100% Democracy: The Case for Universal Voting
Today’s headlines are filled with arguments over restrictions on the right to vote and attempts to expand it. But what if we leapt over the current argument, and made a commitment to a ‘100% Democracy’, an election process where every citizen has the right to vote and full opportunities to do so—but also the duty to vote, a requirement to participate in our national choices?
In 100% Democracy: The Case for Universal Voting, co-authors E.J. Dionne and Miles Rapoport argue for just that, and it’s not as far out as it sounds at first hearing. Twenty-six countries around the world require participation in elections including Australia, which has required citizens to cast a ballot since 1924 and had over 90% voter turnout in their last major election. The U.S. on the other hand lags behind other democracies, with only 66.8% of eligible voters participating in the record-turnout election of 2020. If Americans are required to pay taxes and serve on juries, why not ask—or require—every American to vote?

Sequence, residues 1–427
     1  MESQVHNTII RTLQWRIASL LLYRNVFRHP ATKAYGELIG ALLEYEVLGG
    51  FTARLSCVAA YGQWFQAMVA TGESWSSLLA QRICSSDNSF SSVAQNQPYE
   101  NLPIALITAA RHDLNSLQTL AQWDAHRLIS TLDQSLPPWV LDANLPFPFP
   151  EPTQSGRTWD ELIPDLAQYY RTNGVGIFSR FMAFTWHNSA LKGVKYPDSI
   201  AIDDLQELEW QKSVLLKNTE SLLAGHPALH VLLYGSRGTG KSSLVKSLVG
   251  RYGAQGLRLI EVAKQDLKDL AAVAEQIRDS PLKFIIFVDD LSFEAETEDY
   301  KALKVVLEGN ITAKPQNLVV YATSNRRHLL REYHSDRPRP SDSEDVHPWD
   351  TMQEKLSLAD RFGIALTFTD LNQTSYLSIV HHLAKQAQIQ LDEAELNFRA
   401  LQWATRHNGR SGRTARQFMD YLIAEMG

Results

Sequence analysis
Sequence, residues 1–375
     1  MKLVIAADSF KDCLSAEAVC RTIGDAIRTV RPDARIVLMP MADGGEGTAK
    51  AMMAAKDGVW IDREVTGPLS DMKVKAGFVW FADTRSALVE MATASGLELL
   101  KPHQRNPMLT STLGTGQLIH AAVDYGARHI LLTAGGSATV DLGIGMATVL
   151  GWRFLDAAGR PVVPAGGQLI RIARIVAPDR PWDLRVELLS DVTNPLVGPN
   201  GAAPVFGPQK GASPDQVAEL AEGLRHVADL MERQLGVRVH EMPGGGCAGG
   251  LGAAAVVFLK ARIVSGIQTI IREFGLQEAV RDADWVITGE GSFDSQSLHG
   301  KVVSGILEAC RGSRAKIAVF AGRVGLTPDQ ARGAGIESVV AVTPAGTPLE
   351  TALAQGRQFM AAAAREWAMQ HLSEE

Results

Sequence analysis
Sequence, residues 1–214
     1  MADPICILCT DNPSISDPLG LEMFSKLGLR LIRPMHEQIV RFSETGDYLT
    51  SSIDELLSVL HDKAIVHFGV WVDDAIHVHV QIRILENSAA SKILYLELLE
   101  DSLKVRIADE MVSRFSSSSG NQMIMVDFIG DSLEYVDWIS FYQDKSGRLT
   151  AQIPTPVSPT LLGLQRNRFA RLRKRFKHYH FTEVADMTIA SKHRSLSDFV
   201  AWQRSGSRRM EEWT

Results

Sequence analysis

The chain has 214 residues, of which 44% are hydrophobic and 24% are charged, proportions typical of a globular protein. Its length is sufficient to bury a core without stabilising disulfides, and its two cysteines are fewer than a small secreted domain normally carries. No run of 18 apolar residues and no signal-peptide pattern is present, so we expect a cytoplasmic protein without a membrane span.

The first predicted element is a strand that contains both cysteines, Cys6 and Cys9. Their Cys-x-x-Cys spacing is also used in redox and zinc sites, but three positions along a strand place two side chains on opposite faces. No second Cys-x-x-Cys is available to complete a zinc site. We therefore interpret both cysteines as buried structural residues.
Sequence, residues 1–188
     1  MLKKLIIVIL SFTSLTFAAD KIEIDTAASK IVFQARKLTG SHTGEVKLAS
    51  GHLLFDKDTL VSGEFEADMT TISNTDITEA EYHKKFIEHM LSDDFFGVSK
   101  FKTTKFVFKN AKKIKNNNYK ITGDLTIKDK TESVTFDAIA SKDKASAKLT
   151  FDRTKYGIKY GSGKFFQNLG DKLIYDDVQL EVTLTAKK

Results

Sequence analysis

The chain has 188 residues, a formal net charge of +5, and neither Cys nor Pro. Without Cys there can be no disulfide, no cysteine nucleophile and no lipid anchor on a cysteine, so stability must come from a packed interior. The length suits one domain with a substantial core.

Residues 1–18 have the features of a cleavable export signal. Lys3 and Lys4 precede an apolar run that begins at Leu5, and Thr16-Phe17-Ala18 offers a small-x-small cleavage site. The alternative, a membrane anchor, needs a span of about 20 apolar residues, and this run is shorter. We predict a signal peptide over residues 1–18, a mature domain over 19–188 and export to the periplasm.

Join us on April 6 for a conversation with Dionne and Rapoport, moderated by Prof. Paul Pierson, about 100% Democracy, universal voting, and how it might be implemented. Is it time for the United States to take a major leap forward and recognize voting as both a fundamental civil right and a solemn civic duty?